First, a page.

The drug trial that led to the death of one participant and brain damage to several others last month had three major shortcomings, according to French health minister Marisol Touraine. First, the drug continued to be tested after the first volunteer became ill. Second, volunteers were not informed of the illness and were not given a chance to withdraw their consent. And, third, no report was made to the proper authorities until the first volunteer had already been hospitalized for four days.
In a scathing editorial in this month’s Psychotherapy and Psychosomatics, Dr. Giovanni Fava takes aim at prominent medical experts who have downplayed the role of financial conflicts of interest (FCOI) in medical research and practice. Fava retraces the development of the problem, the mechanisms of "propaganda" that allow conflicts to flourish, and offers suggestions for reform, including a call to boycott commercialized medical education programs and professional societies.
“A University of Texas Southwestern study will see if giving unborn babies with Down syndrome Prozac in the womb will help improve brain functioning,” according to NBC news. “Mothers pregnant with Down syndrome babies will take Prozac about 18 to 20 weeks into their pregnancy. The child will continue to take Prozac until the age of 2.”
Richard Smith, the chair of the board of trustees at BMJ, penned an editorial yesterday bringing increased scrutiny to research misconduct and medical fraud in the UK. Smith identifies denial about the seriousness of the problem and the reluctance of universities to submit themselves to reviews as the two major reasons that Britain has failed to address these issues.
Psychologist and Professor Amber Gum has published the story of her personal journey of rethinking psychotropic medication in a special issue on "The Politics of Mental Health" in The Journal of Medicine and the Person. Influenced by Mad in America and the work of Robert Whitaker, Gum became aware of evidence that “suggests that psychotropic medications are less effective and more harmful than most believe” and now hopes to encourage other mental health professionals and researchers to engage in open-minded, critical self-assessment of standard practices.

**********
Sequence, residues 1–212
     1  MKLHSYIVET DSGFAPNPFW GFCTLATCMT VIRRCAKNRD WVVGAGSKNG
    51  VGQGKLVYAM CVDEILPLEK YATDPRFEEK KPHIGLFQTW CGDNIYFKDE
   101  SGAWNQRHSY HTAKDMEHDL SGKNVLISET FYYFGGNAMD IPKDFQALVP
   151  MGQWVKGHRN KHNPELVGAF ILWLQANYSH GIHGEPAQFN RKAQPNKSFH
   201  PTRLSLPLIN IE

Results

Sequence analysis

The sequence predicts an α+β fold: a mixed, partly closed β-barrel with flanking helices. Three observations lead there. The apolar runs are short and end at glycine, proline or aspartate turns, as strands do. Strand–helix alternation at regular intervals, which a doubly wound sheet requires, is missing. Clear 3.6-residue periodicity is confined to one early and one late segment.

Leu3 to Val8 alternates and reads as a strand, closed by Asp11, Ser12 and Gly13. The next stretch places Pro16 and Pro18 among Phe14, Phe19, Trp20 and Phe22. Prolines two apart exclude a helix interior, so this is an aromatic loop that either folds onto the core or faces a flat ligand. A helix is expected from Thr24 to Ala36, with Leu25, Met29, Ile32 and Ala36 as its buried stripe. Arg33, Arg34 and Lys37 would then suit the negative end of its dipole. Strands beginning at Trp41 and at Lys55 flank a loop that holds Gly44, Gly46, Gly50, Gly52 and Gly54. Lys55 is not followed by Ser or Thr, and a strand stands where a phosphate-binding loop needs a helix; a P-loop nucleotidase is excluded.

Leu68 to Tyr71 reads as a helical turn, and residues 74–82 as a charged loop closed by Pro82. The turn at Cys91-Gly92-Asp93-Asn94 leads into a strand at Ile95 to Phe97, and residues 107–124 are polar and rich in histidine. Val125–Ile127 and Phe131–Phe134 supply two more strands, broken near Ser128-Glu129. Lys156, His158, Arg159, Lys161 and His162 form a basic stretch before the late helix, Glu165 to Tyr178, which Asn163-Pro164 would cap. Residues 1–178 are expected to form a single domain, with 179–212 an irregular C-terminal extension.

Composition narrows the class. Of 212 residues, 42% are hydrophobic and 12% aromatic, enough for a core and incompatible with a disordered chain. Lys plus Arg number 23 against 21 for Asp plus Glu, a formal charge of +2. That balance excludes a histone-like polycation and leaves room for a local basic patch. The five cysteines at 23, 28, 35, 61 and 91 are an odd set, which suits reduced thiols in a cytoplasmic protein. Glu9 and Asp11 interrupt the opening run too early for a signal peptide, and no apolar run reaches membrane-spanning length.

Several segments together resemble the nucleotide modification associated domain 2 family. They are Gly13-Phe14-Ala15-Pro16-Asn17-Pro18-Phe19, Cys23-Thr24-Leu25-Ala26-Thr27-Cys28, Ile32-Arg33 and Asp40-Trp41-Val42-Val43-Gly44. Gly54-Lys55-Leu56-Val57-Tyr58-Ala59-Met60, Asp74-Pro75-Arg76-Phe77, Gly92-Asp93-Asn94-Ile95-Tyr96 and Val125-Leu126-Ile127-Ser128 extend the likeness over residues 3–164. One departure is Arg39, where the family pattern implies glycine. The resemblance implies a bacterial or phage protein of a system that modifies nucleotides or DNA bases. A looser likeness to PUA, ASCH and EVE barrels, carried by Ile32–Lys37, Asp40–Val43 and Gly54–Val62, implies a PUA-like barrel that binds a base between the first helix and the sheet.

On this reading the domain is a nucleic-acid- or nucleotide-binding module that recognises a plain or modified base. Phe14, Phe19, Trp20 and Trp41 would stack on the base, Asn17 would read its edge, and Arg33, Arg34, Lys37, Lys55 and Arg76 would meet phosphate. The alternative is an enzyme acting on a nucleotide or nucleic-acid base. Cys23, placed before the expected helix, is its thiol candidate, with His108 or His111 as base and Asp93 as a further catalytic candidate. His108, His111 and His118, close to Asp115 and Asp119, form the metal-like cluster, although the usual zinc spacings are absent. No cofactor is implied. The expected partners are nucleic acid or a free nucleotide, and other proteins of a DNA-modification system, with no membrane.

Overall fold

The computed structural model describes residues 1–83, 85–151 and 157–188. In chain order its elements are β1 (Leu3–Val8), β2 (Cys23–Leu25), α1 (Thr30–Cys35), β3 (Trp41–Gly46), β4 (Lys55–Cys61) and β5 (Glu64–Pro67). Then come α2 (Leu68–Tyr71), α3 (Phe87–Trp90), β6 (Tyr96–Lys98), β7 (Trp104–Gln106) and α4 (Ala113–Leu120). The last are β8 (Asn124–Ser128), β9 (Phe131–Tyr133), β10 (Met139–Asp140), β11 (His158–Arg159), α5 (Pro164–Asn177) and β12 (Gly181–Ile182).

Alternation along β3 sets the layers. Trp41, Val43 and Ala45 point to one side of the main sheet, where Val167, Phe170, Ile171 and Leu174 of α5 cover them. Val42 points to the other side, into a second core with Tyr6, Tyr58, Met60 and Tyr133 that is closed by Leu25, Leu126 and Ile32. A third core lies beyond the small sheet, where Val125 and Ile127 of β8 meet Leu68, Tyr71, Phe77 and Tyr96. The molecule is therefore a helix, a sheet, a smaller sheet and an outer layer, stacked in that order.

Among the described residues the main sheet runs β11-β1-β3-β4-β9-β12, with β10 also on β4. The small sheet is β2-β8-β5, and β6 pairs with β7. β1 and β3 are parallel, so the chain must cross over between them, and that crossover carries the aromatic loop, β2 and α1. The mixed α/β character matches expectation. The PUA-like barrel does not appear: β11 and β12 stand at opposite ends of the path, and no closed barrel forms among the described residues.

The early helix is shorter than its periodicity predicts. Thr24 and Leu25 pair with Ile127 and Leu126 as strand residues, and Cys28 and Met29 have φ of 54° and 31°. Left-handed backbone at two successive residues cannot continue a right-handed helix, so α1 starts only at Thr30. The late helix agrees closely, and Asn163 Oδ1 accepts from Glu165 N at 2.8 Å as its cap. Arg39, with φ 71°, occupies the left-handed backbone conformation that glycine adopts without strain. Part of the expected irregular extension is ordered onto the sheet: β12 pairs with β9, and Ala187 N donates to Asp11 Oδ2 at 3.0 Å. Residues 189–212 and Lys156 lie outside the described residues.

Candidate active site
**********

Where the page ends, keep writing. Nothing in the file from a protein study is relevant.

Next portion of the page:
Reporting for The Intercept, Lee Fang reveals that pharma executives "have told investors that they are working actively to influence the political debate.” After “tough talk” on the price of medications in the United States from democratic contender Bernie Sanders and others, pharmaceutical companies are stepping up their lobbying and marketing efforts in an attempt to influence policy.
Citing the work of Lisa Cosgrove and Robert Whitaker in Psychiatry Under the Influence, Giovanni A. Fava, MD, provides an analysis of some subtle and yet important consequences of financial conflicts of interest in medicine. He also strongly criticizes the recent positions expressed by the New England Journal of Medicine which called for a reexamination of the views and regulations of financial conflicts of interest in medicine.
Following a lawsuit brought by Andrew Thibault of Parents Against Pharmaceutical Abuse (PAPA), the FDA has produced adverse event and severe adverse event reports on psychotropic medications. For the first time ever, these reports have been published online. Accessing the site linked below, users can perform global searches for AERS reports by drug name (brand and generic) or case number, review reports by drug class, refine searches within each drug class, and examine individual reports.
The College of Family Physicians of Canada has now come under fire after releasing a report last month addressing conflicts of interests between pharma and medicine, STAT reports.
A recent study published in this month’s issue of Psychiatry Research attempted to examine the impact of an anti-stigma public media campaign in Germany. They focused on changes in public attitudes toward people affected by symptoms associated with depression and schizophrenia as a result of the psychenet- Hamburg Network Mental Health awareness campaign.
Yesterday, senator and presidential candidate Bernie Sanders announced that he will formally oppose Robert Califf’s nomination as FDA commissioner. “Dr. Califf’s extensive ties to the pharmaceutical industry give me no reason to believe that he would make the FDA work for ordinary Americans, rather than just the CEOs of pharmaceutical companies,” Sanders said in an official statement.
Only months after the American Psychological Association voted to ban psychologists from “advanced interrogation” facilities like Guantánamo Bay prison the Pentagon is asking them to reconsider, James Risen reports in the ‘Times. Steven Reisner and Stephen Soldz, who led the campaign to end the APA’s involvement in torture, say that those criticizing the ban ignore “a wealth of evidence that systemic military interrogation abuses continued long after the time when the authors claimed they were banned.”